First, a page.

The Google Maps application is one of the oldest and most widely used AJAX applications. Building tests for it is a great way to exercise a web application test engine, so it is natural enough that eValid would use it to illustrate eValid capabilities.
One of the areas that eValid users ask about is the actual map area. How do you drag the display around and confirm (validate) that what you got to today is where you wanted to get to? This is the essence of a functional validation test for the application.
Moving the map display necessarily involves using desktop actions, so from the outset we know that the tests that involve this kind of work won't be "desktop safe". In spite of the desktop-required limitations, can these tests be made reliable and repeatable?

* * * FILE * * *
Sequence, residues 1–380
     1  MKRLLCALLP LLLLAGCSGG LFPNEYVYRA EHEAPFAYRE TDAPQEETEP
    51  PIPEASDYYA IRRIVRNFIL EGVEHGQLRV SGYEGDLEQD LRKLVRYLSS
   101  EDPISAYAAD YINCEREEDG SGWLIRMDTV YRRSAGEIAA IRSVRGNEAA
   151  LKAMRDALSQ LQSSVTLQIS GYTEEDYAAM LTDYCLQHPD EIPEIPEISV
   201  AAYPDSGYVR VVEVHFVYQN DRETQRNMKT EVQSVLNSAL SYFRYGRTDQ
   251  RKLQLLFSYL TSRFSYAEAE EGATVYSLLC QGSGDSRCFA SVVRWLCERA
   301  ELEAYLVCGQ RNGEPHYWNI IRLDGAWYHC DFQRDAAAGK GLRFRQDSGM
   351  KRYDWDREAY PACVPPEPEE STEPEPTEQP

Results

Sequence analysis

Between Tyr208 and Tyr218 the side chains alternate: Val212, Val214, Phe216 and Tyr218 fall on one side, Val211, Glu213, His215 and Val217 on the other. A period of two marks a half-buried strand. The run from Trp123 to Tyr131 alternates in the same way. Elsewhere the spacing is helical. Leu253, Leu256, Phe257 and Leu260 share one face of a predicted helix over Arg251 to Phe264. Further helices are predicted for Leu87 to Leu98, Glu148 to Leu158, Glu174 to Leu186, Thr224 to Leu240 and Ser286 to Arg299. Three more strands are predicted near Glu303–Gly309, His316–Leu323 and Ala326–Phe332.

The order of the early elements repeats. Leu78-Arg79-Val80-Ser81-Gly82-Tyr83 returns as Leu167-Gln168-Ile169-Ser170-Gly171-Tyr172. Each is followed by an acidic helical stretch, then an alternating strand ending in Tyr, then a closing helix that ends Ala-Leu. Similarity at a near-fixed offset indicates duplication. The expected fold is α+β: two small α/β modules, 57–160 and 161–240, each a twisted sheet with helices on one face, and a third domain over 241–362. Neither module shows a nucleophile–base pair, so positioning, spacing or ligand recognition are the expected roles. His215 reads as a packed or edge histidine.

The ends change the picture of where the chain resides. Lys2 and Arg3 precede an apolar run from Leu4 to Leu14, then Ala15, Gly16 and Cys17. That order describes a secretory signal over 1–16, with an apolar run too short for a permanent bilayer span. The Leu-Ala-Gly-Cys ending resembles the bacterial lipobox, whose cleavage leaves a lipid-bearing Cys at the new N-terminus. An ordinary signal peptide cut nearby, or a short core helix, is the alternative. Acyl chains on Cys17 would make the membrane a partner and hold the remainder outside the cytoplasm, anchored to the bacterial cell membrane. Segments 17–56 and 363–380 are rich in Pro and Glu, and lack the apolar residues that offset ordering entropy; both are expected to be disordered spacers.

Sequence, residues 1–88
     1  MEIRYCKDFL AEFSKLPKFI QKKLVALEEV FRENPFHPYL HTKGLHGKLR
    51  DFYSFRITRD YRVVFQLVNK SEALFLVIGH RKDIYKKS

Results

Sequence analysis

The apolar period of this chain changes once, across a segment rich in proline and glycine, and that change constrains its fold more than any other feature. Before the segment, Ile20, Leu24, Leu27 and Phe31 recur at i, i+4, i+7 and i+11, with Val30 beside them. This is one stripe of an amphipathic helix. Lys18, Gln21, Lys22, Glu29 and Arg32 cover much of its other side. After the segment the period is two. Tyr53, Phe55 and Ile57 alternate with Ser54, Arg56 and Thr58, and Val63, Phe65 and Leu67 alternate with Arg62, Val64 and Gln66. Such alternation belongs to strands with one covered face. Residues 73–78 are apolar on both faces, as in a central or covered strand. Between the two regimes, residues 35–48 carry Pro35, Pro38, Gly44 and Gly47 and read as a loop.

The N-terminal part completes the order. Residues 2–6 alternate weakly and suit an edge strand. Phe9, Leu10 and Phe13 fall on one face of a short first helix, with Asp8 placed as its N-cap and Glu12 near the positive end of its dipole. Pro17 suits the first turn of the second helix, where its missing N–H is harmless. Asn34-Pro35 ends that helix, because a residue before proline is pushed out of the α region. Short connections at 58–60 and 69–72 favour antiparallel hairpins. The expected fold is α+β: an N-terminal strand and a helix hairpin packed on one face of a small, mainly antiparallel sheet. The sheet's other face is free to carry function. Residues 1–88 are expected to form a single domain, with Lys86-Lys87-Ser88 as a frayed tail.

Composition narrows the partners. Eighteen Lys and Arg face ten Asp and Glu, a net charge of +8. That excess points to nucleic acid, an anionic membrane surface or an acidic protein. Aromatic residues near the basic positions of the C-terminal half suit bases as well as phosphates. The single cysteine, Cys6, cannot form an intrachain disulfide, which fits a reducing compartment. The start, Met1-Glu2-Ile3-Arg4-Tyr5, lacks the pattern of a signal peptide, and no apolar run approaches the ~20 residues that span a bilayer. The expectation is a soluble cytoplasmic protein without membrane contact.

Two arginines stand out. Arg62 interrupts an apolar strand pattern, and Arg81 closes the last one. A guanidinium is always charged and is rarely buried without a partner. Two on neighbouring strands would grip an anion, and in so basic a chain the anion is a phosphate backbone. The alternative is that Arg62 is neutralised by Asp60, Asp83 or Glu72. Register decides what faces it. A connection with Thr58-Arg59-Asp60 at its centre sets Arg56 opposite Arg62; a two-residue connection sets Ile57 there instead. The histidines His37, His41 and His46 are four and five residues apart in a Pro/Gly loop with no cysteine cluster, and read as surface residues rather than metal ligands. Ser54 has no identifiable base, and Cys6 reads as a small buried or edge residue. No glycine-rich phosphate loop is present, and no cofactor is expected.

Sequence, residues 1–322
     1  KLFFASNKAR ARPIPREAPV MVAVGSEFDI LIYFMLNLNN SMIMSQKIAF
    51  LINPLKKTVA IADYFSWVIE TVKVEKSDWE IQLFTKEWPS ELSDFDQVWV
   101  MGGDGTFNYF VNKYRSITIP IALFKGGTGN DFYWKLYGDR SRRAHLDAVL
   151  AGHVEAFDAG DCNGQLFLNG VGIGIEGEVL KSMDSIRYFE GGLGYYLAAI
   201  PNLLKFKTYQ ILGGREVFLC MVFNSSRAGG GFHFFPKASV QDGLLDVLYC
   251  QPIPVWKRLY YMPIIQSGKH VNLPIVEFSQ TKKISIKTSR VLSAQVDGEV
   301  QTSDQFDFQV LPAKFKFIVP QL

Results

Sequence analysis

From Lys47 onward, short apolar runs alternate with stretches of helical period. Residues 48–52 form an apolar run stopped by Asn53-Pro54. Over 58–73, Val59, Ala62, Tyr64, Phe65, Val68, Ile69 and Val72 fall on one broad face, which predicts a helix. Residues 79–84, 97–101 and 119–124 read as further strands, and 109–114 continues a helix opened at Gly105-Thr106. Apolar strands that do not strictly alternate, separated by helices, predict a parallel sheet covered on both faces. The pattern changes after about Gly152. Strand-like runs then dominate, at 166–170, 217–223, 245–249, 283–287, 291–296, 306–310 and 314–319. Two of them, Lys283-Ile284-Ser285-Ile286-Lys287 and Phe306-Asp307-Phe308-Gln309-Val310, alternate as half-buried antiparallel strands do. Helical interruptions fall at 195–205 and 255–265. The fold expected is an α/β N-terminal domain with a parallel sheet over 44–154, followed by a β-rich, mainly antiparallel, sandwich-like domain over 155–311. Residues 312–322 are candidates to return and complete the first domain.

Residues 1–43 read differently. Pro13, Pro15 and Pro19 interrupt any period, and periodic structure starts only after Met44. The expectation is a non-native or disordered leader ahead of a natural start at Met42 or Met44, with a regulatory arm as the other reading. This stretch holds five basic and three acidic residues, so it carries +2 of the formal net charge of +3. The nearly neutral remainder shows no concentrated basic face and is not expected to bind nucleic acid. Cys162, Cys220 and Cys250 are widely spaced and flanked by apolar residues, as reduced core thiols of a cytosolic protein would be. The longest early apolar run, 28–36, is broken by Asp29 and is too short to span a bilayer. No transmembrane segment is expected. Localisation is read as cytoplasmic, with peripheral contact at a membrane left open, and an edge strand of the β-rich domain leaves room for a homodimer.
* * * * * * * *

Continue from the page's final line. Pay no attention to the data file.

The answer turns out to be YES, as illustrated in this Google Maps Motion Consistency Demonstration Script. The main point about this example is that it performs two kinds of synchronization (one on the URL and one based on DOM values), and then reliably does the image drag operations, followed by a checksum verification of the resulting map image.